Wednesday, February 13, 2013

Brain Reflections

Poet Emily Dickinson once wrote:

Sparknotes translates Dickinson's poem as:
“[It's about] the mind’s capacity to absorb, interpret, and subsume perception and experience. 
The brain is wider than the sky despite the sky’s awesome size 
because the brain is able to incorporate the universe into itself,  
and thereby even to absorb the ocean. 
The source of this capacity, in this poem, is God.”

This poem makes me think about how the human brain is so complex...its capacity for understanding is so impressive.

Over the course of hundreds of millions of years, it evolved tailored by the environment, and we developed handy tools like feelings, learning, and memory. 

Then after humans evolved a questioning brain, they naturally began searching for answers to the  mysteries around them. But to what end?

In a book called Chess Metaphors, author Diego Rasskin-Gutman says,
"During the last 30 thousand years (at least), the human species has incessantly questioned its own nature and it's position within the universean overwhelmingly empty enterprise because of the paucity of valid answers and always led by a search for religious meaning.   
Little by little, this search has been stripped of its divine sense as attitudes evolved through the influence of the scientific community and by the transformation of societies in modern nation-states.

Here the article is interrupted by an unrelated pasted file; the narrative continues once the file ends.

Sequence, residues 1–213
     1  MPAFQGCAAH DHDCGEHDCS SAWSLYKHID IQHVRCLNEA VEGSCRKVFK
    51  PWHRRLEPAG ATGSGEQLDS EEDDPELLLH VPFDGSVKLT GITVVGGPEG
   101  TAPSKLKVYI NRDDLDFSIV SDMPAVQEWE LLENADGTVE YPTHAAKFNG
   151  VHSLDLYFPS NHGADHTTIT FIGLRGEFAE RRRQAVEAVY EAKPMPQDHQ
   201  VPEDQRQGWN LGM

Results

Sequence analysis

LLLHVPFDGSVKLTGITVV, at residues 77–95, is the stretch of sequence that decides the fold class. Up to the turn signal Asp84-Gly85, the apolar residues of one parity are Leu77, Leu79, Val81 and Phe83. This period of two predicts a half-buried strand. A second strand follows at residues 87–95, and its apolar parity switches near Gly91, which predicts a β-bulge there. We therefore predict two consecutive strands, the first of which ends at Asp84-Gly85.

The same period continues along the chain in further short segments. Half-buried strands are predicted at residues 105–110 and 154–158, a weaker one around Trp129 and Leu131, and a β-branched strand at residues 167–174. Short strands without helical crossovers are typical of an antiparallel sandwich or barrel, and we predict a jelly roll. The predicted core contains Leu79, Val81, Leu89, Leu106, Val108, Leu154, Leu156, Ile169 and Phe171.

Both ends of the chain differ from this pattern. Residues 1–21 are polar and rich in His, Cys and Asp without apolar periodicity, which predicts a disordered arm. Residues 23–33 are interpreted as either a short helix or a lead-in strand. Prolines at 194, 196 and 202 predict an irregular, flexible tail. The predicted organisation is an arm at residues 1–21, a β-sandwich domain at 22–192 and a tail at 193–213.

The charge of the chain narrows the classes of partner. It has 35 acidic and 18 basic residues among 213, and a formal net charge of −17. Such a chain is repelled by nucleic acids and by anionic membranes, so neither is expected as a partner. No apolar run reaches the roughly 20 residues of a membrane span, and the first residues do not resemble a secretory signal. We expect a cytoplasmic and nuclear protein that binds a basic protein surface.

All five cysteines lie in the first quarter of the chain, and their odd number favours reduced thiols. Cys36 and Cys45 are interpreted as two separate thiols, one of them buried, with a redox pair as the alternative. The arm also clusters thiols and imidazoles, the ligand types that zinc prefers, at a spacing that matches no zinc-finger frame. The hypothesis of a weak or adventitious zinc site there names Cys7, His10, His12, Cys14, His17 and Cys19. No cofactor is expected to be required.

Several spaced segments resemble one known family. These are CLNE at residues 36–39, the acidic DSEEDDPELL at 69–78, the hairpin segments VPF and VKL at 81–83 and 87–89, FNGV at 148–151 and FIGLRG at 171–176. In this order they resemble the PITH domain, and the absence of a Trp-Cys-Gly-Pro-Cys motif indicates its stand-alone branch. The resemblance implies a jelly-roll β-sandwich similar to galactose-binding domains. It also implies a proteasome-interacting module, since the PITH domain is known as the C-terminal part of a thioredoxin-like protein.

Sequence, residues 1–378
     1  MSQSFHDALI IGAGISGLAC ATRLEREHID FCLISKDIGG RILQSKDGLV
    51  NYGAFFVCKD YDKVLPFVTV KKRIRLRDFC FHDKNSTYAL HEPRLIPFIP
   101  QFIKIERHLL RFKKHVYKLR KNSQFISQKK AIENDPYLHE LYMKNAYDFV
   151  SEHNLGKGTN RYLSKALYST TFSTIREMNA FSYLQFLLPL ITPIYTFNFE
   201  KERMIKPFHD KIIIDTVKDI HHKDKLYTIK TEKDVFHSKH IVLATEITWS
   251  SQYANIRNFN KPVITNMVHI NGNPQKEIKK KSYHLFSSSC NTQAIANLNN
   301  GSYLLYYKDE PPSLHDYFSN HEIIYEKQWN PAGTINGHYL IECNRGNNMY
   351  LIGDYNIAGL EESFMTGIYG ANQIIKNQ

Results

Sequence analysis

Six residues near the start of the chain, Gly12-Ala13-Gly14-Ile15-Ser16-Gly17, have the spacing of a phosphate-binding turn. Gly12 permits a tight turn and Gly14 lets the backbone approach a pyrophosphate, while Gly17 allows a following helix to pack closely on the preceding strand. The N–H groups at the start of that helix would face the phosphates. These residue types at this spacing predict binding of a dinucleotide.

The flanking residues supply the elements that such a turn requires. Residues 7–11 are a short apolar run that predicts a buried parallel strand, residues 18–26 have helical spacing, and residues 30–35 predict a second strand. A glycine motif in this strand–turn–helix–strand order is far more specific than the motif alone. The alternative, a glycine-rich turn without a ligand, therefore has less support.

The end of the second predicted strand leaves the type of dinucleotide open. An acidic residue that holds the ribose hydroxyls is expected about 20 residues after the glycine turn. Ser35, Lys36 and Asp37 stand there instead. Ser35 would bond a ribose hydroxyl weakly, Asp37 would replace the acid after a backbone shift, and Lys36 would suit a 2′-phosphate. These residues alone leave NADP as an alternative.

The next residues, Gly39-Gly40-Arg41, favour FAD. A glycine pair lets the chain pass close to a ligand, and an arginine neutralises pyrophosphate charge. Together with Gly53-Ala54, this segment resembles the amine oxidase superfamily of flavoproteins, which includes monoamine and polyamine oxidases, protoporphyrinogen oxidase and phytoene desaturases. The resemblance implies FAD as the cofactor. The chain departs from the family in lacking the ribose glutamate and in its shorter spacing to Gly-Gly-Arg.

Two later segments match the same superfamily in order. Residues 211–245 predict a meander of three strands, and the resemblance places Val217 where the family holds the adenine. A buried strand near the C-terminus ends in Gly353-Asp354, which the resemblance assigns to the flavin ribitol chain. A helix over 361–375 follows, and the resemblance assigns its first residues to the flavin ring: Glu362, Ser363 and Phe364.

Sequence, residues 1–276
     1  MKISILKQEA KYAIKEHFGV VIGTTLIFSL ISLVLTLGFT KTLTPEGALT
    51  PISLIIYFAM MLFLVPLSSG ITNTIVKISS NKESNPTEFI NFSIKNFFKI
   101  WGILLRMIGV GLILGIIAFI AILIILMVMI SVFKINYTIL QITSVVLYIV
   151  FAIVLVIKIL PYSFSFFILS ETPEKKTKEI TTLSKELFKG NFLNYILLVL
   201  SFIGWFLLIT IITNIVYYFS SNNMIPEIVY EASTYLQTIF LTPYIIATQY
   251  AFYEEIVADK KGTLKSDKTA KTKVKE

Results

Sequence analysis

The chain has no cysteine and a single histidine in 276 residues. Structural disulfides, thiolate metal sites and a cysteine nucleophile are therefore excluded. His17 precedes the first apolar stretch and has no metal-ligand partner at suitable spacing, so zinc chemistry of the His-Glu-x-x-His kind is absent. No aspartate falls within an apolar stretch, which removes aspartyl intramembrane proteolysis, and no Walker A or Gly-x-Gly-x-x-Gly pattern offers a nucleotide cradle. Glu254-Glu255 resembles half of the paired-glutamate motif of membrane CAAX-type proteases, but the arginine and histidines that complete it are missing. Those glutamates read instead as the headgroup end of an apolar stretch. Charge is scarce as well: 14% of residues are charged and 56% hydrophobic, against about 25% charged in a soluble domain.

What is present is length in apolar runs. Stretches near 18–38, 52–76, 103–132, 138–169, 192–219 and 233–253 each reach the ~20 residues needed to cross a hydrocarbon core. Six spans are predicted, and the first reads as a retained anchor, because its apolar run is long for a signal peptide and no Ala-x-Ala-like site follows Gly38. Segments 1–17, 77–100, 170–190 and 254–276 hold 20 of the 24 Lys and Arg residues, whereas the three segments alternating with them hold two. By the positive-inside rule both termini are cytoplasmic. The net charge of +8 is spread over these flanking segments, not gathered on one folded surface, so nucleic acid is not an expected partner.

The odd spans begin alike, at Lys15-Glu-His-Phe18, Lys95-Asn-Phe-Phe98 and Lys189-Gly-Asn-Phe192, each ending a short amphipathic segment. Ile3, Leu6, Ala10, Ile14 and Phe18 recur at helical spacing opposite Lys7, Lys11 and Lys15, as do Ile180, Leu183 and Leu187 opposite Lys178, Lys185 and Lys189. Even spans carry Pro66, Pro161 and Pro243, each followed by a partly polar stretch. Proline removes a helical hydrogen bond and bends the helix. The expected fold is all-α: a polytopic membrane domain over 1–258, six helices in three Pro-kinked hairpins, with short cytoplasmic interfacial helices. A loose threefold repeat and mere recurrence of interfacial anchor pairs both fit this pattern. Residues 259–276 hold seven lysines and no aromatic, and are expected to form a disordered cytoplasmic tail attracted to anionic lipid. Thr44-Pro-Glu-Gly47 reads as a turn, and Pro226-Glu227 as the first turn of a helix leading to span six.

Thus, a huge role has been played by scientists:
  •  Copernicus and Galileo showed that we are not the center of the universe, 
  • Darwin recognized the animal with our being,
  • Freud placed consciousness at the center of the scientific quest,
  •  and Einstein equated matter with energy and showed nature's dependence on point of view."

It's all about perspective.

And the evolution of not only our brains, but of our shared experience.

How one defines God is a very personal journey, but the collective pursuit of that definition influences our relationship with the world and our relationships with each other.

Any path taken is both personal and shared. Am I open and feel awe? Am I closed and feel fear? Am I confused?

So then why is Western society so "mum's the word" about the discovery of a higher truth in the secular context?

I very much respect Dickinson for expressing her inner reflections via poetry, like past poets Rumi and 寒山.

In Dickinson's opinion, the mind is a manifestation of God, or the individual is an instrument of God. 

[here's a little poem response dedicated to her]


hey, brain. 

you may be wider than the sky...

swallowing endlessly 

for total absorption

but why

resist the ocean's deafening roar

participate with silence

Then witness 

the love within 

-also boundless-

our own reflection(s).

simple reflection.


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